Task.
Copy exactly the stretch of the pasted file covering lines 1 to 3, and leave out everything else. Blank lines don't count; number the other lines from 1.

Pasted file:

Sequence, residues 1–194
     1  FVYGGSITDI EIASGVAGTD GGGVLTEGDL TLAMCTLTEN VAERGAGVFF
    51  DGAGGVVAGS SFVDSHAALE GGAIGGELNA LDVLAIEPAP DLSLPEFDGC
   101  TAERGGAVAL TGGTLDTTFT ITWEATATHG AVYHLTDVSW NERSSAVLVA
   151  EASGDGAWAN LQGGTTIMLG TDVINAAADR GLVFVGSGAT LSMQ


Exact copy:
Sequence, residues 1–194
     1  FVYGGSITDI EIASGVAGTD GGGVLTEGDL TLAMCTLTEN VAERGAGVFF
    51  DGAGGVVAGS SFVDSHAALE GGAIGGELNA LDVLAIEPAP DLSLPEFDGC